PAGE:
Massachusetts lawmakers recently warned residents that though marijuana is legal in the state, it's still not legal to smoke weed out on the water.
Indeed, across the United States, if you're boating on federal waterways off the coast or on a lake, you're not legally allowed to possess or consume weed. Coastal areas, rivers, and lakes that touch more than one state are overseen by both federal and state governments.
The Massachusetts Cannabis Control Commission embarked on a public awareness campaign this summer to remind boaters and others that cannabis and water don't mix — for safety and legal reasons.
“The Commission expects adults who choose to consume cannabis in Massachusetts to know the laws, including the federal restrictions that are still in place,” said Cannabis Control Commissioner Jennifer Flanagan in a statement. “If you are planning to take a boat ride this summer in federal waters, leave your cannabis at home.”
In 2008, the Coast Guard issued warnings about possessing cannabis on Lake Champlain, which borders Vermont and New York. When New Hampshire decriminalized cannabis in 2017, the Coast Guard warned people that laws governing cannabis use and possession aren't the same on the water as they are on land, information that has escaped some cannabis consumers.
“Though states have some jurisdiction, all coastal waters touching the country are subject to federal laws,” said Matthew Schweich, Deputy Director of the Marijuana Policy Project. “The Coast Guard has stated publicly they will continue to enforce federal marijuana laws, even in states where it has been legalized.”
California, the largest state to legalize cannabis, has many waterways where cannabis possession and consumption are not legal. Furthermore, it's illegal under California law to smoke publicly in general.
Adeline Yee, Information Officer for California State Parks, told Weedmaps News that marine patrol enforcement has not been increased since the state legalized marijuana, but that law enforcement will prosecute individuals who are violating federal laws. She said there has been only one marijuana-related boating death since legalization.
A representative from the Coast Guard's office in California said the agency is still actively pursuing cannabis trafficking off the coast, but is not targeting people who are simply bringing small amounts of cannabis on a boat trip. Essentially, they're a lot more worried about cartels than a guy with a joint, but they will prosecute people caught with small amounts of cannabis, too.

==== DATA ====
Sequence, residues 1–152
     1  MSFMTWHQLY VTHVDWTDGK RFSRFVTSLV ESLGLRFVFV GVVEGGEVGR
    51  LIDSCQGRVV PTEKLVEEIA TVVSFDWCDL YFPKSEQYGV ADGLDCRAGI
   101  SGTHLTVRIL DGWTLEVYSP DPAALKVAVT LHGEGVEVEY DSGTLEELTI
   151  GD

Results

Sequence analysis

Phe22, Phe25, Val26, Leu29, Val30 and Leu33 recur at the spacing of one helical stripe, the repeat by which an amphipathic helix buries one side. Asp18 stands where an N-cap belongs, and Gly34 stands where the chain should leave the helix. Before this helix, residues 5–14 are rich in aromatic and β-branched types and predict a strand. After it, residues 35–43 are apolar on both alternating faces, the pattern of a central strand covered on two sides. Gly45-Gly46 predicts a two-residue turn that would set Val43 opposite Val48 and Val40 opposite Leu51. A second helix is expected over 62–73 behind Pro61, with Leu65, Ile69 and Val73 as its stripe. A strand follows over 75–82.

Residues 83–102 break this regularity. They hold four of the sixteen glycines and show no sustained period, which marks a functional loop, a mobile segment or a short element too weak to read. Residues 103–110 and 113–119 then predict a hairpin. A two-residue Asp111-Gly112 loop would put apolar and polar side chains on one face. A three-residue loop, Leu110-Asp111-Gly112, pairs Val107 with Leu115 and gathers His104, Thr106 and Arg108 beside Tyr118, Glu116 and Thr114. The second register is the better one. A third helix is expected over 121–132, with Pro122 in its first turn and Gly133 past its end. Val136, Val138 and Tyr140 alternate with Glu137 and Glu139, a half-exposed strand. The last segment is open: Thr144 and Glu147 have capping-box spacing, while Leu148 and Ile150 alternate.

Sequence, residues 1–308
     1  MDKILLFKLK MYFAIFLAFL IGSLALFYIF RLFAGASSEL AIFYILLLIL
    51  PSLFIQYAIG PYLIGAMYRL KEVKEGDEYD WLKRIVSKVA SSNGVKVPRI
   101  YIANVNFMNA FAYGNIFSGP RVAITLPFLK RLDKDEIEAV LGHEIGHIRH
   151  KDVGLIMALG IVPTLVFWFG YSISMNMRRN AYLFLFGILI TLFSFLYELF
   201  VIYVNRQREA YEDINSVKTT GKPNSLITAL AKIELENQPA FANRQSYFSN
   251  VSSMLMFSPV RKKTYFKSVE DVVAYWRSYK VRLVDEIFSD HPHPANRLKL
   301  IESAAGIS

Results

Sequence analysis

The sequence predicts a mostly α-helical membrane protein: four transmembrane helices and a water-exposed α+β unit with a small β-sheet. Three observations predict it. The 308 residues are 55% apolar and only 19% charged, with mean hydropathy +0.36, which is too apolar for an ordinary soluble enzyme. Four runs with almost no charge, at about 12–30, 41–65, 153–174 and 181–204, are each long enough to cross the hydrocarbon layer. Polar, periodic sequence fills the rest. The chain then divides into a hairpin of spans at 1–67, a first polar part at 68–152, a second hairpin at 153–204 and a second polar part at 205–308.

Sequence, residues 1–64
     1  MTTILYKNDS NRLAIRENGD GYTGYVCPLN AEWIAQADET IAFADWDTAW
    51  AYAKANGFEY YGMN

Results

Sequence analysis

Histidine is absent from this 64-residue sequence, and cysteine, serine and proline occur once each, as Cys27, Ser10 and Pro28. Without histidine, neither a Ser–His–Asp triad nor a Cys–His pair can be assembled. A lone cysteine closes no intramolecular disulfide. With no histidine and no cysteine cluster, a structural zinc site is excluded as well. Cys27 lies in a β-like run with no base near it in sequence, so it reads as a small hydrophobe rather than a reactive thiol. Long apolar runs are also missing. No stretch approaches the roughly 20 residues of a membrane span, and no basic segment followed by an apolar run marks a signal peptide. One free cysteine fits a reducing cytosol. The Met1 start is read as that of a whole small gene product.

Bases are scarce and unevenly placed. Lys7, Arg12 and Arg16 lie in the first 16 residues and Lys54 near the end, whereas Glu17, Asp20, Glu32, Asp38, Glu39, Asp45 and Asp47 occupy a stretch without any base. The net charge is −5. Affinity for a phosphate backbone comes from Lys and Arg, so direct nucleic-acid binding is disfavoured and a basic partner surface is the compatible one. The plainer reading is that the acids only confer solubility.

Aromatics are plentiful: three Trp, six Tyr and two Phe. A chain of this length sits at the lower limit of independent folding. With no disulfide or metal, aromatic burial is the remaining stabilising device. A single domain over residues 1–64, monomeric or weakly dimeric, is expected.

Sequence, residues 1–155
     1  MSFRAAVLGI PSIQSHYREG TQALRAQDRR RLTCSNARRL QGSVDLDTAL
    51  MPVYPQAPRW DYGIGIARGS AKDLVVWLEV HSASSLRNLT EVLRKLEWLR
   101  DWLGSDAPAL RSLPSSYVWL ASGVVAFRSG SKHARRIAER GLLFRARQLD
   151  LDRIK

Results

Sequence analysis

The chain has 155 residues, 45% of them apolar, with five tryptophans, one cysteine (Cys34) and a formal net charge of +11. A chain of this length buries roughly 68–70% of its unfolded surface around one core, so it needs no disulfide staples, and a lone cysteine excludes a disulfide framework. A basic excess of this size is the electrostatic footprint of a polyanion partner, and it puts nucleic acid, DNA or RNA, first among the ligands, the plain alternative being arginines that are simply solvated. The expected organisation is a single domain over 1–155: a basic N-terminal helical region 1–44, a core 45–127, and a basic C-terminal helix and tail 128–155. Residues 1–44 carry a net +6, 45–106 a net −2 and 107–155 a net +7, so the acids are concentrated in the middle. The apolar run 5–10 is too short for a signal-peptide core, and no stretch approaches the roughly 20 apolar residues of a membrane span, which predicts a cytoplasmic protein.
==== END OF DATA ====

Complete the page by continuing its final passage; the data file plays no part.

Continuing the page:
Yee said that educating the public on the law is key, and the state has been working to do just that.
“Marine patrol law enforcement agencies have begun to inform boaters that cannabis-induced impairment is covered under existing Harbors and Navigation Code for reckless, negligent operation of a vessel while under the influence of alcohol or any drug,” Yee said. “Law enforcement have reported boaters have been cited for operating recreational vessels while under the influence of cannabis.”
Schweich said education on this issue is “crucial” and that it's the “responsibility of lawmakers, advocates, and industry players” to inform the public of risks related to operating a boat while under the influence and the federal laws that prohibit possessing cannabis while one is navigating federal waterways.
The Coast Guard also has banned its active-duty service members from visiting dispensaries, and the Navy has banned service members from using cannabidiol (CBD) products. Both agencies argue the action is consistent with their zero-tolerance drug policies.
If someone is caught with cannabis while boating on federal waterways, they may be fined or even sent to jail. The Coast Guard is allowed to board any boat they suspect may be involved in illegal activities. The law states: “The Coast Guard may make inquiries, examinations, inspections, searches, seizures, and arrests upon the high seas and waters over which the United States has jurisdiction, for the prevention, detection, and suppression of violations of laws of the United States.” The Coast Guard does not need a warrant to board someone's boat.
If boaters manage to sail to international waters, they will have violated federal laws by possessing cannabis on their way there, but they will no longer be in the Coast Guard's jurisdiction. That said, it's technically still against federal laws to have cannabis on your vessel if your boat is kept at a U.S. port, even if you're no longer in U.S. waters.
Maritime and cannabis laws aren't well understood and can be confusing, which is why the Coast Guard, state agencies, and cannabis organizations are working to help cannabis users understand the laws so they don't end up in a conflict with law enforcement. For now, all signs indicate that the best way for recreational sailors to enjoy cannabis is to play it safe and leave it at home.
Featured Image: It may be tempting to smoke on the water, but federal laws supersede state laws that allow medical or recreational marijuana consumption. (Photo by Marissa Langston)